There’s been a lot of buzz about motion image photography specifically surrounding super high resolution cameras like the Canon 1D C. With the advent of cameras that shoot video at resolutions higher than standard HD, it is now possible to pull still images directly from video with surprising results.
I’ve been shooting with a Canon 5D Mark III for about a month now, and I decided to go back and pluck some still shots from my video using the “capture frame” feature in Adobe Lightroom 4. I’ve posted a series of images here showing both edited and unedited stills. All the following images were uploaded in their full resolution to give you a more accurate picture of what to expect. Click on the photos to view them at 100%. Continue reading
Lately I’ve been really impressed by the work of Sanna Dullaway who is taking iconic photos from the early days of photography and bringing them vividly to life through colorization. You can see some of Sanna’s best work in this gallery. I love this approach not only to updating old photos but also for adding a vintage look to modern photos.
In fact, I used this technique to process the photo I’m currently using as a profile picture. Achieving the effect takes a little time but is fairly simple. First I desaturated the RAW file and then colored in the photo just like I would with a photo that was originally taken in black and white.
I’ve made a quick screencast of the process using a photo of Theodore Roosevelt. The whole thing clocks in around 11 minutes and breaks down the process step-by-step. The actual colorization of the Roosevelt photo took me around an hour.
A few months ago I bought Google’s Nexus 4 smartphone. Since then, I’ve found myself picking it up more often than my DSLRs and I can honestly say it has made me a better photographer. True, the image quality doesn’t hold a candle to a camera like Canon’s 5D Mark III and the sensor noise is often downright ugly, but there is something very freeing about shooting with a smartphone that has changed the way I work. Continue reading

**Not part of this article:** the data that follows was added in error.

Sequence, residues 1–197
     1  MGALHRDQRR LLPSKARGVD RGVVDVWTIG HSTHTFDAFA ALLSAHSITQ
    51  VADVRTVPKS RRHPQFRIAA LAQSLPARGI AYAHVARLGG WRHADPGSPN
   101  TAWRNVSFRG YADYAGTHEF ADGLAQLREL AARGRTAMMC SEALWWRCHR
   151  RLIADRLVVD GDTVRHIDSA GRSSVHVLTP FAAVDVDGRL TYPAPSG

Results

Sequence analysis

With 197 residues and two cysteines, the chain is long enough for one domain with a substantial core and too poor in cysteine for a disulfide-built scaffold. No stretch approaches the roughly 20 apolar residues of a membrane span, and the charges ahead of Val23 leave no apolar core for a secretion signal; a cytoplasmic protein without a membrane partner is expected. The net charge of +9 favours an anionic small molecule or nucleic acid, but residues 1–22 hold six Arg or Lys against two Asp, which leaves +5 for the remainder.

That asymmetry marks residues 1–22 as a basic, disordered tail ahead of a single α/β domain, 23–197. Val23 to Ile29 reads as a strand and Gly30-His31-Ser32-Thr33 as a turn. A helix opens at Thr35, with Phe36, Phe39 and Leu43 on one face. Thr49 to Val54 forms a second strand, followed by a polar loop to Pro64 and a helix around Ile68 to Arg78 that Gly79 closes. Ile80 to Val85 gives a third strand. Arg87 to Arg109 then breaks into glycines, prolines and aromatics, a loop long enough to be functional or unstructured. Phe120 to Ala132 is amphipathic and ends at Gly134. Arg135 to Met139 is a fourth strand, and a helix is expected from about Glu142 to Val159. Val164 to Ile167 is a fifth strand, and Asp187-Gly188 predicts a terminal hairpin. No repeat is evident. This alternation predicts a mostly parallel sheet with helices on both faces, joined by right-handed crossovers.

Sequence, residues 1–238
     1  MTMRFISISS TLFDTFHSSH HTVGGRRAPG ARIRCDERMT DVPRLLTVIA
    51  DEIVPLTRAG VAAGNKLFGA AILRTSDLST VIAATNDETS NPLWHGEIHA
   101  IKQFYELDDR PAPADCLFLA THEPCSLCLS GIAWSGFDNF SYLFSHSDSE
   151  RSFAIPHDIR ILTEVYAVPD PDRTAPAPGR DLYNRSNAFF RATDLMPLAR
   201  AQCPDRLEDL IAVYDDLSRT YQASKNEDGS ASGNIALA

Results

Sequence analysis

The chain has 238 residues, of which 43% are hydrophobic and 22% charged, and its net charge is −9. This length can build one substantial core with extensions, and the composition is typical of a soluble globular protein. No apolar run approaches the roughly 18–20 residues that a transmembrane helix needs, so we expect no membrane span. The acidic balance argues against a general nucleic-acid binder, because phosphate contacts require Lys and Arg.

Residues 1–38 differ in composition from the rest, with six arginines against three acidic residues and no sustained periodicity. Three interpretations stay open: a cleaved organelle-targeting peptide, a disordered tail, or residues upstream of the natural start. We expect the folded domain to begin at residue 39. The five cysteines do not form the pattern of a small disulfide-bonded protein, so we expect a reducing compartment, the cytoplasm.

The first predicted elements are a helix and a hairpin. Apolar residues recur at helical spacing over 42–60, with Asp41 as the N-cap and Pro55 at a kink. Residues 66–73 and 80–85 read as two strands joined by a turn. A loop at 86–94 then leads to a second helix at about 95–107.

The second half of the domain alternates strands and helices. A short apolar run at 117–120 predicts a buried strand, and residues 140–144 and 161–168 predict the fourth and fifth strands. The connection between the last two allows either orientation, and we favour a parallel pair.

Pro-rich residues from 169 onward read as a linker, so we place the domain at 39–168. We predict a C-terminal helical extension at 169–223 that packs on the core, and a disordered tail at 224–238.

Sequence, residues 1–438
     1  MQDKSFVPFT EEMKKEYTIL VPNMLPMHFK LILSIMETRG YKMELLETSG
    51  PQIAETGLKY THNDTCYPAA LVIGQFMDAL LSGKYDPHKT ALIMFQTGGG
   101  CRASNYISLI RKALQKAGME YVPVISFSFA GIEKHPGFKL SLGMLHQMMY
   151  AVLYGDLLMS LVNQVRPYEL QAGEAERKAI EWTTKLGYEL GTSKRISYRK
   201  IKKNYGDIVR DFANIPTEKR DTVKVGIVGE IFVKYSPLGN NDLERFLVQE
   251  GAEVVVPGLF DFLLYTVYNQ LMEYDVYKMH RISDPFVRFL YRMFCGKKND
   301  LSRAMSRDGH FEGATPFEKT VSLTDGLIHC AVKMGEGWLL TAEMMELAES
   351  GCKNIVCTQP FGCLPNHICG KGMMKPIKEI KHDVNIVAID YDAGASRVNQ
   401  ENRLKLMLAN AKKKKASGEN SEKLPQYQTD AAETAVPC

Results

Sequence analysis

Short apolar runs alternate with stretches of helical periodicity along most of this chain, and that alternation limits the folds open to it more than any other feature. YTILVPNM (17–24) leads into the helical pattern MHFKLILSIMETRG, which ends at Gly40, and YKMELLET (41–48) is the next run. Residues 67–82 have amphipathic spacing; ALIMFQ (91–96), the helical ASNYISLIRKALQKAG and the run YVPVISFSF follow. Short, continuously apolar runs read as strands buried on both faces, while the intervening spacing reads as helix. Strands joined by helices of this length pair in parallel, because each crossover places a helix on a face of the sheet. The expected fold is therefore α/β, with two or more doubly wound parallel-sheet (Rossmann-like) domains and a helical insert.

First, some very sad news. My B+W circular polarizer has taken a trip to filter heaven. I’d like to tell you it died protecting my lens from a motorcycle crash or falling on jagged rocks during a mountain climb, but the sad truth is that it met its end falling two feet off of my bed. Continue reading
I don’t have a photography degree. Clearly I have no idea what I’m doing. Photo by Ben Ayers
Okay, you are considering a career in photography and want to know if you need a college degree. Before you are up to your eyeballs in art school debt, I hope you will at least consider this advice — go to college but major in something else. And I would give the same advice to anyone considering a degree in journalism. Continue reading
I was watching a inexpensive follow focus review from Planet5D when I realized I had all the parts to build my own in my camera bag. Check out the video for details.
I’m hitting a super busy season here in Peru. As my time in Cusco comes to an end (We are heading for Chile on August 31) I’m wrapping up assignments for four different non-profits/travel companies. Getting everything done is a little stressful but mostly a lot of fun and I’m glad my time in Peru is ending on a high note. Continue reading
This month’s wallpaper and cover photo come from a lake high above the city of Cusco in Peru. Click on the photos to open a full resolution version, then right click and select “save as.”